According to Paul Gomberg, miracles are defined as "a supernatural (or divine) intervention in the natural order" [I] There are many arguments as to why one should not believe in miracles. [re] With miracles you rely on the testimony of the experience. Not being able to replicate a miracle allows oneself to question miracles authenticity. Therefore, miracles cannot be proven. [s] Science is a perfect example as to why miracles should not be believed. [s] In science , experiments are tested multiple times to further support the results of the data collected. [q] "As scientists we must exclude the supernatural cases from our database because they go against the course of nature, and science only studies nature." Miracles are unable to b reproduced and do not provide efficient evidence to be considered support, therefore are not believable and go against nature.
[ri] To say that man should not believe in miracles puts a lot of onus on the individual. [s] In stating that a miracle is not real and therefore should not be believed, because it has no evidence, suggests that no beliefs should be held without sufficient evidence. [q] To take the time necessary for one to sufficiently investigate every belief that he holds would inhibit him from progressing in his life. [ri] That being said, there is no harm in believing in miracles. [s] "The risk goes to the believer, likewise the profits and losses." [s] As Williams James explains, "The option is trivial when the opportunity is not unique, when the stake is insignificant, or when the decision is reversible if it later prove unwise. Such trivial options abound in the scientific life." [ri] For a scientist to progress in his studies he must first have faith in his own theories. [s] If his theory proves false there will have been no harm done. If his theory proves true, he would not have obtained this knowledge had he not believed in the first place.
Believing in miracles only gives one hope, sufficient evidence provides one with physical proof. You don't need faith to have a theory or believe in a theory . A theory provides scientists with an option. When the experiment is carried out with the theory it only further provides sufficient evidence. Anything that one believes is a miracle which doesn't provide sufficient evidence is just testimony. Telling of ones miracle can only provide questions and said questions will be answered with proper evidence. If the question cannot be answered with evidence it becomes bullsh*t and cannot be believed. Being bullsh*t concludes that the miracle can only be false.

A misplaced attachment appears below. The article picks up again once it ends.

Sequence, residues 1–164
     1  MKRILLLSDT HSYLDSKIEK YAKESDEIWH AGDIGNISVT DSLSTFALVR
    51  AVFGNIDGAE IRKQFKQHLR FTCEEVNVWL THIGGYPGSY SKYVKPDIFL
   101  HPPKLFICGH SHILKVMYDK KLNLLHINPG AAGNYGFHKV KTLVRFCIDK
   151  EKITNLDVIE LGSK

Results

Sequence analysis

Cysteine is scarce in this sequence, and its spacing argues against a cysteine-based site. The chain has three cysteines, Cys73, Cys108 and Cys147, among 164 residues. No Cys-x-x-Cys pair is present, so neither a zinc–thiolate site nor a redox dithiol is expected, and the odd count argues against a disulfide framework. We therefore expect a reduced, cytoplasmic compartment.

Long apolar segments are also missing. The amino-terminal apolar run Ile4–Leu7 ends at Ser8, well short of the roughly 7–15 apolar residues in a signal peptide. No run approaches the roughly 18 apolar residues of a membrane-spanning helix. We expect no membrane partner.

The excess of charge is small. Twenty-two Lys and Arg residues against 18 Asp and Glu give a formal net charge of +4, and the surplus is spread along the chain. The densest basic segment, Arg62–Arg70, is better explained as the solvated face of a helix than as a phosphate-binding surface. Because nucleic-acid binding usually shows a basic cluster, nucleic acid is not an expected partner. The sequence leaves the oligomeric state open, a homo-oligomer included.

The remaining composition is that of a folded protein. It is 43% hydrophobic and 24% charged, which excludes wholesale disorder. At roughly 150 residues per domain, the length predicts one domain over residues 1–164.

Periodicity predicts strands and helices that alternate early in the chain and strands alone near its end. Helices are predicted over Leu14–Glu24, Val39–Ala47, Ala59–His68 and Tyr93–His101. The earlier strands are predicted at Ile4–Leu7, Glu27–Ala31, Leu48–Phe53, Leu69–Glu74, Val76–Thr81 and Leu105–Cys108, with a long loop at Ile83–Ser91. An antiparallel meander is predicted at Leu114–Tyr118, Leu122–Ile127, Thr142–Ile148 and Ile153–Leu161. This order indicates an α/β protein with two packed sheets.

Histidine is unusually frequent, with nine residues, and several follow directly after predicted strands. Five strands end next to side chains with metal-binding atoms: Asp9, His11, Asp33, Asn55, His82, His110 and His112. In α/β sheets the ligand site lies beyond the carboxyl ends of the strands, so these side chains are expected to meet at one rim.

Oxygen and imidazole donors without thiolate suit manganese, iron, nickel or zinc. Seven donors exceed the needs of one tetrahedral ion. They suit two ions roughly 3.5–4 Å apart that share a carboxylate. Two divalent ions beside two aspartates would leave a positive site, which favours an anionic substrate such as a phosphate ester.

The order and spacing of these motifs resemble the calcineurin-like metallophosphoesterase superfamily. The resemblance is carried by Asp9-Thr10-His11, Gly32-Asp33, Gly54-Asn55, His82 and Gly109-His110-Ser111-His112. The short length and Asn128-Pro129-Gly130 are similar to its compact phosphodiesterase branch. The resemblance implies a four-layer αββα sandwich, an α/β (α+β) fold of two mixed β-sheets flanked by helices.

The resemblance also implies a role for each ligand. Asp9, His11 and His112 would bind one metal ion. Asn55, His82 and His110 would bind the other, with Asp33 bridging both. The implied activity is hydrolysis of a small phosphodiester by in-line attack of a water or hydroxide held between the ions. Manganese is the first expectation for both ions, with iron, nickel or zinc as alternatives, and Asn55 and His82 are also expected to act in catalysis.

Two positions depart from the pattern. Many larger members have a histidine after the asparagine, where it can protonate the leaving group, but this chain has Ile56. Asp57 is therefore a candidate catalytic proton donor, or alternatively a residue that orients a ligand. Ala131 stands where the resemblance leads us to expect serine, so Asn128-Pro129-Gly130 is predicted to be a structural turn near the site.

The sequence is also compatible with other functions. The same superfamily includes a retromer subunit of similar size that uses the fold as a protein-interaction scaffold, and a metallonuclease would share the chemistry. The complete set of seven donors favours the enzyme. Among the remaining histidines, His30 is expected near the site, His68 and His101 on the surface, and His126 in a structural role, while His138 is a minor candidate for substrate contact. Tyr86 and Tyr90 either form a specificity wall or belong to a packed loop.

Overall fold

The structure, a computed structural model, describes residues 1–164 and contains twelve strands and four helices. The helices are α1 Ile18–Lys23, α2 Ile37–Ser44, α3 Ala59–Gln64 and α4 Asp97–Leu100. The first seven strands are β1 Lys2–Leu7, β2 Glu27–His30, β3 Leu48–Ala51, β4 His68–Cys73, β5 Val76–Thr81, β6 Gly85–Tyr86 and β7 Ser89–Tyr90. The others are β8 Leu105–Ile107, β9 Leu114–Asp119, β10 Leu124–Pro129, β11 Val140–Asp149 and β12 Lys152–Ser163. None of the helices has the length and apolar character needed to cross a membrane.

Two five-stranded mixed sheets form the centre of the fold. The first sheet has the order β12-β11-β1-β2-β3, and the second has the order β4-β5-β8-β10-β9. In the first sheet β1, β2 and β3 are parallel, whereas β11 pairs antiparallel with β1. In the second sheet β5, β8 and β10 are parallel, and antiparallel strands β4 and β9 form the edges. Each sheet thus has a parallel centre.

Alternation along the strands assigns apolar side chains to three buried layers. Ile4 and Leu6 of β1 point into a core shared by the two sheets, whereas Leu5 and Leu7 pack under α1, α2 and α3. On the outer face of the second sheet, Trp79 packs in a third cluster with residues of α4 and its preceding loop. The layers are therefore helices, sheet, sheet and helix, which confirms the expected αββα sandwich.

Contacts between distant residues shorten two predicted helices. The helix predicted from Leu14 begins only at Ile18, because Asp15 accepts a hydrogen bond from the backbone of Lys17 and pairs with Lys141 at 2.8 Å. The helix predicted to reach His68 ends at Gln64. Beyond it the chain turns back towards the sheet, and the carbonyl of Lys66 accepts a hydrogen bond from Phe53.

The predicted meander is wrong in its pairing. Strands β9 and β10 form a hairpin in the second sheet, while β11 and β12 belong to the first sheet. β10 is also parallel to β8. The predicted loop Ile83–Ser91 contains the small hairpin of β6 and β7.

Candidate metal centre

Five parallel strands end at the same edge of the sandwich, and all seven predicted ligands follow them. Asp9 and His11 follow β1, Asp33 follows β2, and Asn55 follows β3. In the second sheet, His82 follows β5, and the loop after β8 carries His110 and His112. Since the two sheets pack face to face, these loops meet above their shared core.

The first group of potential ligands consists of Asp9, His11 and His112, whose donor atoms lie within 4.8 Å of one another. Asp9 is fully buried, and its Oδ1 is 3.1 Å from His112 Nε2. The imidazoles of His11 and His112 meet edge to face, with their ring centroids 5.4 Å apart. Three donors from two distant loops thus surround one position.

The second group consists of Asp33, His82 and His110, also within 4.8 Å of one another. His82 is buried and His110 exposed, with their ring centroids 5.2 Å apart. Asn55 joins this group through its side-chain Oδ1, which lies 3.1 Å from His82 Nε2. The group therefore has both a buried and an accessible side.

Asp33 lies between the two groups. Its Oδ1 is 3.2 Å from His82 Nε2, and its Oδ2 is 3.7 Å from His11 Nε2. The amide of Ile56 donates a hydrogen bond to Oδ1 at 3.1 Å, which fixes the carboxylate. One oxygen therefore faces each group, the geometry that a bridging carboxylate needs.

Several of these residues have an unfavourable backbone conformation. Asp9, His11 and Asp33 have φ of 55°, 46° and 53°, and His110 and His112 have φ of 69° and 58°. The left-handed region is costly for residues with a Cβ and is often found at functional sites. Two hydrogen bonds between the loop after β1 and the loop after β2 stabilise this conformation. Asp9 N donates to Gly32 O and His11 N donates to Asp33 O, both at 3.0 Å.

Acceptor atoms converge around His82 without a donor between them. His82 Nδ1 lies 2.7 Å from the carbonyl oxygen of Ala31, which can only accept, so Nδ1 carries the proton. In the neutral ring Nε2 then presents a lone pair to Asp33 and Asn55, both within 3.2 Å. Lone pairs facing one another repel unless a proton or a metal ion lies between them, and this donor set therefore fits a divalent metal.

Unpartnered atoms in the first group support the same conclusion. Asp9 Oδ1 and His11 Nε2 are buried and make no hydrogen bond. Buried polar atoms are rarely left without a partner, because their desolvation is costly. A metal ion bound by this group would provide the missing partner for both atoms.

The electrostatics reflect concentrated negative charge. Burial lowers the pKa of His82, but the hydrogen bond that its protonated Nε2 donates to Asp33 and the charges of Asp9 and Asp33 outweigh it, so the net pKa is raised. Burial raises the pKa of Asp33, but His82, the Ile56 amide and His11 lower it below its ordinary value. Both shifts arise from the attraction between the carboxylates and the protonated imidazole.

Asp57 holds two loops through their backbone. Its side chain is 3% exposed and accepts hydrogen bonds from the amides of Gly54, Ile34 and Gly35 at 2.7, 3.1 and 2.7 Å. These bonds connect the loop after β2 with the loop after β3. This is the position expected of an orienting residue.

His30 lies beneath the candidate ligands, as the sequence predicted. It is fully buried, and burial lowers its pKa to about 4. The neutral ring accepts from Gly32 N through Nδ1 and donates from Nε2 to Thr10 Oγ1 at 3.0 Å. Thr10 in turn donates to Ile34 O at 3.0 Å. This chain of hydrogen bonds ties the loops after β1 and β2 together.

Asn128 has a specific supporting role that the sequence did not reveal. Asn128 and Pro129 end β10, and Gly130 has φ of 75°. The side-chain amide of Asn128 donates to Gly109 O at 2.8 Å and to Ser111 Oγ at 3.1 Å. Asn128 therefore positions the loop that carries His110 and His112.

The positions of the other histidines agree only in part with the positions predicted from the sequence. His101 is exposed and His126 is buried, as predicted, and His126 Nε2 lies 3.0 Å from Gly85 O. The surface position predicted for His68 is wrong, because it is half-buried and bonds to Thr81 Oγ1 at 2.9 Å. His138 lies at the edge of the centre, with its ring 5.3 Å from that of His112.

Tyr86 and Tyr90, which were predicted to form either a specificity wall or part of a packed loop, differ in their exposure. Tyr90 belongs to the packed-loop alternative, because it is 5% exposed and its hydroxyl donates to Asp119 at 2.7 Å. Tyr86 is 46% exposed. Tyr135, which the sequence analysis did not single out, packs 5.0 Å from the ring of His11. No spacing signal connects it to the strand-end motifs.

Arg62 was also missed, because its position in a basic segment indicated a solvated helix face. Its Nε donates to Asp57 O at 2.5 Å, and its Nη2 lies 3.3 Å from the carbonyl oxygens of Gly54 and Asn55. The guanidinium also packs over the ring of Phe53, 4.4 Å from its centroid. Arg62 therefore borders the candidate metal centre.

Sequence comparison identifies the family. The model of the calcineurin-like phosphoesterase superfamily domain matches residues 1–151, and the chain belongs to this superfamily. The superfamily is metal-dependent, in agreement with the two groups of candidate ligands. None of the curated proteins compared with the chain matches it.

[q] You claim that an event that cannot be explained becomes a false event. [ec] However, our debate stands on accepting the fact that the event did indeed occurr. [q] The implicit question is "how do we explain this event?" [re] You have created a red herring; the question of whether or not the event occurred is not relvant to the issue at hand. [ri] As far as miracles solely providing the believer with hope, it does much more. [q] It provides the believer with a sense of confidence, which inturn improves his quality of life. [q] If one only acts based on sufficient evidence he will never entertain new experiences. [s] This is true of any event which the subject has not yet encountered. [s] His chances of being successful improve exponentially if he believes that is the case.
Reasons for voting decision: I don't know what the random signs were that were propagated by both sides throughout the debate. After seeing Con's R1 I was ready to give S/G to Pro but then he up and did the same thing. Weird. On arguments, it basically just came down to the competing epistemologies of pragmatism and "science". I would normally side with the latter but the resolution ended giving Pro a chance in this debate. The resolution asks if people "should" believe in miracles. Therefore Con's arguments presupposed a commitment to rationality/truth. However, that's not a universal attitude and Con never supported this onus. Pro on the other hand successfully exploited this by offering his own competing "onus". Unfortunately, neither side expanded on/defended their respective positions satisfactorily. Therefore, arguments default to Pro since Con failed to uphold his BoP.
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